To the Editor:

I read the letters from Darryl Wood and Jonathan Carter (4-2-21) several times over, looking for their arguments against CMP corridor project.  Here’s what I found:

Hydro Quebec is rich, AND it’s not American.

CMP is rich, AND it’s not American.

Hydro Quebec has participated in lobbying Maine citizens and legislators.  This is legal, but would be illegal in Canada.  When Hydro Quebec built their dams, they damaged ecosystems.  The resulting reservoirs produce greenhouse gases.

Mr. Carter suggests that the solutions demanded by climate change can be accomplished with Mainer-owned wind and solar projects (which is rich coming from him – Google his past stances on wind power).

What cannot be found in either letter are details about how the project is actually bad for Mainers.  They omit research from the Union of Concerned Scientists and the Maine PUC that suggests that the project will indeed reduce carbon emissions.  They don’t mention that CMP has cleared every regulatory hurdle in their planning.  They fail to note CMP owns all the land it seeks to cut, except for a tiny percentage, and they have agreements with those landowners.

What Mr. Wood and Mr. Carter do present are points that are emotional in nature, and not analytical.  “These companies stand to make a lot of money.” (That’s what companies do.  I expect we’d all like to see the companies in our 401ks make a lot of money.)  “These companies aren’t American.” (So what?)  “Maine citizens weren’t allowed to vote on the project.”  (Can you imagine if every zoning and land-use question in your town was put to a popular vote?  That’s what regulatory agencies are for.)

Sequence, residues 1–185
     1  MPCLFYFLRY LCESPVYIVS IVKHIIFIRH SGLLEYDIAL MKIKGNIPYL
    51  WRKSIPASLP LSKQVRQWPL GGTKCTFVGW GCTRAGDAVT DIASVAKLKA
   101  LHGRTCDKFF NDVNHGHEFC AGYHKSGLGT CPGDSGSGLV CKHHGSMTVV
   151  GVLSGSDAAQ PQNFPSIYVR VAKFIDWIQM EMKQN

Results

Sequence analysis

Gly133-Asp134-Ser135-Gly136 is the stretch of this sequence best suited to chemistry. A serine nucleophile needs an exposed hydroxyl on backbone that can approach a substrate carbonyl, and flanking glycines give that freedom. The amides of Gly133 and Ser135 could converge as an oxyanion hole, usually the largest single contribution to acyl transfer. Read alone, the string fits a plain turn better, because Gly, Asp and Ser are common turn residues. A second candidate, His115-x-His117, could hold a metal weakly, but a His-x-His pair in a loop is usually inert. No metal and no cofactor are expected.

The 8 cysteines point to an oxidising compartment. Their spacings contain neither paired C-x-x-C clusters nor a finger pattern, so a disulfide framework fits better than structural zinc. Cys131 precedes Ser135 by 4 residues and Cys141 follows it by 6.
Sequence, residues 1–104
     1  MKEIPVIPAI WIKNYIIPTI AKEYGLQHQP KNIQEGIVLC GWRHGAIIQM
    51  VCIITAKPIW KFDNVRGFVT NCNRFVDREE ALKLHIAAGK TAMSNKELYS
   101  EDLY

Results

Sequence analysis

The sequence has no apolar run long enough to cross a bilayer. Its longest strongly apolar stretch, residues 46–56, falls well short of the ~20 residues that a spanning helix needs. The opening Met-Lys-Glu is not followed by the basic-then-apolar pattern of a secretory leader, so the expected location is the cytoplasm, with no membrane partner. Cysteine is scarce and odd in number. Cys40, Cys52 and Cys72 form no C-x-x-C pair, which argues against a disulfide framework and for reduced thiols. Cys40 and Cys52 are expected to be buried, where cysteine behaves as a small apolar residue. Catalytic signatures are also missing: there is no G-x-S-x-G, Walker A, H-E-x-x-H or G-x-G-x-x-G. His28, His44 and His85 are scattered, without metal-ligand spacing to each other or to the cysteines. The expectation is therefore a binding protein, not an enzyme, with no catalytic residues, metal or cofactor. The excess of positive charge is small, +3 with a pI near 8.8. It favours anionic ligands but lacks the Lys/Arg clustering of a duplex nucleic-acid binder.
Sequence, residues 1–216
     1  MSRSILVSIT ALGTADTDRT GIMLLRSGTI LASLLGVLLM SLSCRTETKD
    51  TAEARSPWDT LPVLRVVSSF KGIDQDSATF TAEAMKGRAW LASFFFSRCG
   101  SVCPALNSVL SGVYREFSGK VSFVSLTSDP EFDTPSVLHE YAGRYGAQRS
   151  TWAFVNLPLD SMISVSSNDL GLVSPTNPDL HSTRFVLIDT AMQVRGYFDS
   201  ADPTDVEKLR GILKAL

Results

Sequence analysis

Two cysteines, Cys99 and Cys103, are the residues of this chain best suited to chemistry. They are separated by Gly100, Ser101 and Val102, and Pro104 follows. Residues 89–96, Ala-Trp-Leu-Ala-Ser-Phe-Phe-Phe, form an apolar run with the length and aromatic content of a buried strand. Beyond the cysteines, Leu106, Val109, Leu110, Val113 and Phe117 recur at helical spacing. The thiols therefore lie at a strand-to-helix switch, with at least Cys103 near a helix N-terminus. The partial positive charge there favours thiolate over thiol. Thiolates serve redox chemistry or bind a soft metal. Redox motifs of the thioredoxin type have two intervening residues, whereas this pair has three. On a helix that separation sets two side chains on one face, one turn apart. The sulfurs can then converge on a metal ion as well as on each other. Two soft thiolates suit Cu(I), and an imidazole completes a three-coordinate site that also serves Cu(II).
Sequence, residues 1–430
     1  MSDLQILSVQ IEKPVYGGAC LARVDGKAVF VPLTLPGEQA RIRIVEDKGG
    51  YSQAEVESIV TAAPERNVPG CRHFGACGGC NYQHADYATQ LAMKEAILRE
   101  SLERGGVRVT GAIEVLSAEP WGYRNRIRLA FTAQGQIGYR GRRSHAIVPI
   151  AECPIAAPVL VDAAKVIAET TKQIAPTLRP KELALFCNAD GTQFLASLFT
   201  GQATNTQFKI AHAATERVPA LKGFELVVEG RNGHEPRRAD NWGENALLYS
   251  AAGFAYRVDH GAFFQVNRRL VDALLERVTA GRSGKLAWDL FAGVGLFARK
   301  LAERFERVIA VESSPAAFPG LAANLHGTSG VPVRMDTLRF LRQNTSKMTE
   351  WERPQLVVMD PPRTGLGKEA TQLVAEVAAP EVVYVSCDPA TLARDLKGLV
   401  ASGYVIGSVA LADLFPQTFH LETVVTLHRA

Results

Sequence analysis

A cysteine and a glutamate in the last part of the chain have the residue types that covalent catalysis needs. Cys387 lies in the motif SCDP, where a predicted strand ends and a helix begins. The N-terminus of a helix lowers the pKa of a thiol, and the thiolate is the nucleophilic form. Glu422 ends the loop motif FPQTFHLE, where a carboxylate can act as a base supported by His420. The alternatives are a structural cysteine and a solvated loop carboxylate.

And they certainly don’t further any serious alternatives as to how to combat climate change.  I’m reminded of folks blathering about how the Affordable Care Act was going to destroy America, for years tried to repeal it, and never offered any rival plan for how to improve the country’s health care crisis.  Turns out, it was a step in the right direction.

The NECEC isn’t perfect.  I, too, prefer forests without power lines to forests with power lines.  But Corridor proponents argue that it’s a step in the battle to green our grid.  Its naysayers offer little in rational argument.  Instead, they rely on xenophobia, NIMBYism and CMP’s (well-earned) reputation for treating customers poorly.  If you have one, let’s see a better, competing plan.  Otherwise, we should be taking some first steps.

Shaun Riggs

Wilton

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